Better than a Gift?

December 22, 2012 | By French Culture

Mieux qu'un cadeau, un livre... Is a book really better than a gift? Perhaps this list will help you figure that one out, if not, it's still a list worth checking: Six books that make great gifts, compiled by the book department at the French Cultural Services.


1) Anka Muhlstein, Monsieur Proust’s Library (The Other Press, November 2012)

After her mouth-watering best-seller, Balzac’s Omelette, Anka Muhlstein, Goncourt prize for biography winner, takes us on a journey with writers inhabiting Proust’s universe. Her book reads like a novel, and will be a delight not only to Proustians, but also curious readers interested in French classics. A perfect book to prepare for Swann’s Way centenary celebrations!


2) David B. (illustrator) and Jean-Pierre Filiu (author), Best of Enemies: A History of US and Middle East Relations. Part one : 1783-1953 (translated by Edward Gauvin, Self Made Hero, May 2012)

It is a great idea to bring together former diplomat and Middle East specialist Jean-Pierre Filiu and artist David B., author of the fantastic Epilectic (Angoulême International Comics Festival Prize for Scenario). The result is a beautifully creative graphic novel that sheds light on the most striking episodes of the tumultuous relationships between the US and the Middle East.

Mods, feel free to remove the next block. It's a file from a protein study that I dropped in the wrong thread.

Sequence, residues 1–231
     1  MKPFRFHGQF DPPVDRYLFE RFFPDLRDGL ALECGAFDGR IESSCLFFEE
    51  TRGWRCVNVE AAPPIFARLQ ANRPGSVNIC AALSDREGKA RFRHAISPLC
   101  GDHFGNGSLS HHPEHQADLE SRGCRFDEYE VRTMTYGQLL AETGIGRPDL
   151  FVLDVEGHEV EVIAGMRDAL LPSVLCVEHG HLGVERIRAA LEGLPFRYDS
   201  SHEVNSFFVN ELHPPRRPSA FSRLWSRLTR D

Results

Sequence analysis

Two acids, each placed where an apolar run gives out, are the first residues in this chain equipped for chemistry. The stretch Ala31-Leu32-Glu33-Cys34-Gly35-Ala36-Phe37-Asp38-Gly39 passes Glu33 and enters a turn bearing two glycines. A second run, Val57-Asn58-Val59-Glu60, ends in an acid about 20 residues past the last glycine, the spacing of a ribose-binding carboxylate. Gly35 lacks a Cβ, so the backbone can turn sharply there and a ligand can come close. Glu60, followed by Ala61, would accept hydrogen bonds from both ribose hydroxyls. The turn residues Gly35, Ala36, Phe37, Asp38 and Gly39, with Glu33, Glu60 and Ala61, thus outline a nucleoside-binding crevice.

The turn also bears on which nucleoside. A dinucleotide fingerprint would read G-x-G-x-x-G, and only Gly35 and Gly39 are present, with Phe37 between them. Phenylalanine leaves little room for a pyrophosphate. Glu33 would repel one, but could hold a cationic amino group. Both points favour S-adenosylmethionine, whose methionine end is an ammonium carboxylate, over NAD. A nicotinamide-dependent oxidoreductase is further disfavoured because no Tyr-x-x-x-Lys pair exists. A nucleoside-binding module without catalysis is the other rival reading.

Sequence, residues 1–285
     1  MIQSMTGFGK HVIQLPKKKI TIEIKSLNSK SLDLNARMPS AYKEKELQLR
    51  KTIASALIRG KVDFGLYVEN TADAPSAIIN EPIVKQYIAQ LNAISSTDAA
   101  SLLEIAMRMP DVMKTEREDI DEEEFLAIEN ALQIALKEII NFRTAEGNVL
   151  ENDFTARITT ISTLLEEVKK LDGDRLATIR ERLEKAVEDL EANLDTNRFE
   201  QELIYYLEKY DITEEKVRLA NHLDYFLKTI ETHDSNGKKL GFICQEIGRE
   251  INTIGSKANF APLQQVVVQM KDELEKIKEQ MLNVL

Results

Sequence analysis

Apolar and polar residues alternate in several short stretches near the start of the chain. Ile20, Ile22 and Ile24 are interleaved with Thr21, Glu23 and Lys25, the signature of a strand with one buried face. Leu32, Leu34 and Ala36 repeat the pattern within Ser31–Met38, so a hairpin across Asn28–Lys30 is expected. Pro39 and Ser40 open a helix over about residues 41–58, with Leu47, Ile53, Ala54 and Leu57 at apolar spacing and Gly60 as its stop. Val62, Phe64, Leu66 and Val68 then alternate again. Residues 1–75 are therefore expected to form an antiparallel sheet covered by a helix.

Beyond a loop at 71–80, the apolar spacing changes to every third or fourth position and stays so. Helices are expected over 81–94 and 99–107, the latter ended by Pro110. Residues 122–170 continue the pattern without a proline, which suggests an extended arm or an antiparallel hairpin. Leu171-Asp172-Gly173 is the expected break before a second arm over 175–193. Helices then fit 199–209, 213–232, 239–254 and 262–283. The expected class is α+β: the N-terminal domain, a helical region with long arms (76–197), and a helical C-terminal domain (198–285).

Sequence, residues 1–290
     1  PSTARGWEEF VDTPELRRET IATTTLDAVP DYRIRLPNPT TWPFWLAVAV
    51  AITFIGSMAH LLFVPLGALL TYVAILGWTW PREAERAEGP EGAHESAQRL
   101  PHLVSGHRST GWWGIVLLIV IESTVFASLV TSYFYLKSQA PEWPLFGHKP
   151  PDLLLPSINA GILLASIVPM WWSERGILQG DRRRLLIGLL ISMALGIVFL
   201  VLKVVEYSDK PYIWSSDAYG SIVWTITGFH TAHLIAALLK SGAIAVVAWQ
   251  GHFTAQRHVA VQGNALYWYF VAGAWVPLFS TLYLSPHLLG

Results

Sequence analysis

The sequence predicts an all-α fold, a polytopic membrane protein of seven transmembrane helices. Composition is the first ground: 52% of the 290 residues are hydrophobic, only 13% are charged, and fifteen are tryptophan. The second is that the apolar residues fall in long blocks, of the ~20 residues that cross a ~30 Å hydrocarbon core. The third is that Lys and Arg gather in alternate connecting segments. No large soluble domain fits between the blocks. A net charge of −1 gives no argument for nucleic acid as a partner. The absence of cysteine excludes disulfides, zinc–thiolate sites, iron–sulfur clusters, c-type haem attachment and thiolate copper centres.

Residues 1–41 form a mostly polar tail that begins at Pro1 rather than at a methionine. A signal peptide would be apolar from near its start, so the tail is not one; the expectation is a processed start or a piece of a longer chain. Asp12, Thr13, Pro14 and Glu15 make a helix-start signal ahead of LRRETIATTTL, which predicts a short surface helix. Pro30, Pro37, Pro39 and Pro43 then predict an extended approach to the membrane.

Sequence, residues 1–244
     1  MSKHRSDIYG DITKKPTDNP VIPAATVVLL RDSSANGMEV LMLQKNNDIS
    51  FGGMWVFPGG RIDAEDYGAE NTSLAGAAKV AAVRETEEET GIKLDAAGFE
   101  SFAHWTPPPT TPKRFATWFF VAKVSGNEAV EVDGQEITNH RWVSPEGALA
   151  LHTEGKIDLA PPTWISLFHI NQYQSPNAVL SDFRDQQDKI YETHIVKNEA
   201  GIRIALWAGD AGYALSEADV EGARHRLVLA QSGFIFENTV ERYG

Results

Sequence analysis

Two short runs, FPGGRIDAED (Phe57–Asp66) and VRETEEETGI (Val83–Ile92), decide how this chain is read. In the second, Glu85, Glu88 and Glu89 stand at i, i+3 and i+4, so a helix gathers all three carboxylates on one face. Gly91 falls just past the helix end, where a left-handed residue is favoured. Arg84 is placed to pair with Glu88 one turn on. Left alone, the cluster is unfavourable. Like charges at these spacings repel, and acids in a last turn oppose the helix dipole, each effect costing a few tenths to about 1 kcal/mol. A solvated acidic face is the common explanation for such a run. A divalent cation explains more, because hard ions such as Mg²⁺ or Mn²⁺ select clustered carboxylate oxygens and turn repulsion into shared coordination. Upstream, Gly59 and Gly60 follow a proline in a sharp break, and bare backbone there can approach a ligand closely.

3) Janik Coat, Hippopposites (Abrams Appleseed, May 2012)

Toddlers will love this book with its sweet and funny drawings of hippopotami. The author brings the hipos to life by playing with opposites to create an inventive graphic glossary for preschoolers. Bold colors, simple shapes and textures give the animals personality. After this first book, Janis Coat has continued to create bestiaries each one more exhilarating than the next. We are eager to see translated in the U.S.


4) Gwenaëlle Aubry, No One, (trans. by Trista Selous, Tin House, January 2012)

Drawing from her father's writings, Gwenaëlle Aubry paints a moving portrait of psychosis. Through the course of this book, Aubry tells the story of a father struggling with bipolar disorder, psychologically absent even long before his death. This piece of autofiction, a recent genre of French contemporary writing, is beautifully translated by Trista Selous with an insightful preface from Rick Moody.


5) Zeina Abirached, A Game for Swallows (Graphic Universe August 1, 2012)

In this beautiful graphic novel, Zeina Abirached tells the story of her childhood in Lebanon during the Civil War. One night, when the bombing was particularly intense, her parents, who had gone to visit her grandmother, do not come home. Neighbors come one by one to the tiny apartment to take care of Zeina and her brother. She draws sensitive and loving portraits of those around her, as seen through the eyes of a child.


6) Gilles Verlant, Gainsbourg, the Biography (TamTam Books July 31, 2012)

Based on voluminous testimony and archives from relatives and friends, Gilles Verlant has written the official biography of one of France's most controversial French artists. In Gainsbourg, the Biography the reader enters into the private life of Serge Gainsbourg on his path to becoming a world-famous singer and lady’s man.

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